But just what is a genuine guru? How can one distinguish saints from swindlers? That is also revealed in the above verse from the Vedic literature. A genuine guru is srotriyam brahma-nistham. Srotriyam indicates that the actual guru is one who has fully absorbed his guru's teachings. In other words, if everyone must approach a guru for spiritual knowledge, then the guru must have received knowledge in the same way. Thus there exists a historical succession of teachers, and a genuine guru must belong to that line. Further, the guru's teachings must agree with those of the previous spiritual masters, as well as with the holy scriptures. If they don't, something is amiss.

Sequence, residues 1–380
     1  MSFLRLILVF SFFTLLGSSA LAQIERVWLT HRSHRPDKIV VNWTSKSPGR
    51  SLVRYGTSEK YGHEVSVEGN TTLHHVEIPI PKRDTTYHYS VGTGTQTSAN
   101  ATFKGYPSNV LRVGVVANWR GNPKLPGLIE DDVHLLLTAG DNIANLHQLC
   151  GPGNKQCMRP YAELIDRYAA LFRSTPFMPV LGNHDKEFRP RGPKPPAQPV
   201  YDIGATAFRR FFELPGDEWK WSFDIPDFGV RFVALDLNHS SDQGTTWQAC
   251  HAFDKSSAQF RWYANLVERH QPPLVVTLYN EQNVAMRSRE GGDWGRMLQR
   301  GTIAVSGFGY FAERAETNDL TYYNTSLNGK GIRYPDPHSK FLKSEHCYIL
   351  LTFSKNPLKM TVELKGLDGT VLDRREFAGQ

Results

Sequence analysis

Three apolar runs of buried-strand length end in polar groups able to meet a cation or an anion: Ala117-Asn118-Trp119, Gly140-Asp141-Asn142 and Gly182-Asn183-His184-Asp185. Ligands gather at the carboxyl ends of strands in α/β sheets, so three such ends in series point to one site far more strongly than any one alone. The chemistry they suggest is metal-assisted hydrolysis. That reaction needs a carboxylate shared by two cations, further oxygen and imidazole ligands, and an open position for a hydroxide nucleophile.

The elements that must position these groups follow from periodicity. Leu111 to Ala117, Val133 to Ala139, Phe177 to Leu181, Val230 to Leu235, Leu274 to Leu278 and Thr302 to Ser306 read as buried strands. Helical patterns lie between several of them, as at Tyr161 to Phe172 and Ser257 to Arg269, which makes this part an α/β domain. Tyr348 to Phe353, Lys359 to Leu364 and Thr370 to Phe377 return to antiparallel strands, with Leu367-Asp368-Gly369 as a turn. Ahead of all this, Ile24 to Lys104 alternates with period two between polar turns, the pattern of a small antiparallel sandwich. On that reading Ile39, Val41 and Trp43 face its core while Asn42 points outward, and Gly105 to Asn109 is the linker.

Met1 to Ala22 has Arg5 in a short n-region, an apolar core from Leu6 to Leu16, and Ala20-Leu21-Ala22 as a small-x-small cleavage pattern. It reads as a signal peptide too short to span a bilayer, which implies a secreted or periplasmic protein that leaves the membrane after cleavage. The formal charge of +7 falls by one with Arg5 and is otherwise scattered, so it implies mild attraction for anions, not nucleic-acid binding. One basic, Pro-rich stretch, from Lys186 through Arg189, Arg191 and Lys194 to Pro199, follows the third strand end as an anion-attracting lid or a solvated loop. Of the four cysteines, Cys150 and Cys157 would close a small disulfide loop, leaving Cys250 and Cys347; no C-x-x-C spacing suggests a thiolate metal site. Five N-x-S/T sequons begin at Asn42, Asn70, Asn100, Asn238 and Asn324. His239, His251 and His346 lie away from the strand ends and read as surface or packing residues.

Another essential qualification of the guru is brahma-nistham: he must be fixed in transcendence. He doesn't just look holy—while he speaks some bogus philosophy. He must actually demonstrate realized knowledge. He must be completely devoted to God with his body, mind, and soul.
Thus spiritual knowledge, which originates with God, descends to a sincere spiritual aspirant via the guru. One might question whether or not a line of teachers can accurately pass the message from one teacher to another without change or addition. Is it possible to deliver, as does a good mailman, an unchanged and thus reliable message? Indeed it is. For not just anyone can presume to speak spiritual knowledge in succession from the past teachers. Only a person who possesses the rigorous qualifications given in the Vedic literature is fit to be accepted as guru. By assuring the qualifications of the transmitter, the Vedic process assures the pure transmission of spiritual knowledge.